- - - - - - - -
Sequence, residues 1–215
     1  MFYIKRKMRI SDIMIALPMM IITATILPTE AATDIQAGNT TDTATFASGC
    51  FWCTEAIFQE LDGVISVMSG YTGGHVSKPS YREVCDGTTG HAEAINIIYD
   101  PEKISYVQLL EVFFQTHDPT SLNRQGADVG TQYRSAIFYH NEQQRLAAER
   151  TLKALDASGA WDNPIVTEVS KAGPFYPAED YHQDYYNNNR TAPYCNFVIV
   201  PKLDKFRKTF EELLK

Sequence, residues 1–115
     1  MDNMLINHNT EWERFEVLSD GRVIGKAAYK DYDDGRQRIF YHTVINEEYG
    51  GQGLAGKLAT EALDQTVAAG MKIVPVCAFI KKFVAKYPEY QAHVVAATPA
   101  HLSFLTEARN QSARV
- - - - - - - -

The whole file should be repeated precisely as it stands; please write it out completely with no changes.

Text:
Sequence, residues 1–215
     1  MFYIKRKMRI SDIMIALPMM IITATILPTE AATDIQAGNT TDTATFASGC
    51  FWCTEAIFQE LDGVISVMSG YTGGHVSKPS YREVCDGTTG HAEAINIIYD
   101  PEKISYVQLL EVFFQTHDPT SLNRQGADVG TQYRSAIFYH NEQQRLAAER
   151  TLKALDASGA WDNPIVTEVS KAGPFYPAED YHQDYYNNNR TAPYCNFVIV
   201  PKLDKFRKTF EELLK

Sequence, residues 1–115
     1  MDNMLINHNT EWERFEVLSD GRVIGKAAYK DYDDGRQRIF YHTVINEEYG
    51  GQGLAGKLAT EALDQTVAAG MKIVPVCAFI KKFVAKYPEY QAHVVAATPA
   101  HLSFLTEARN QSARV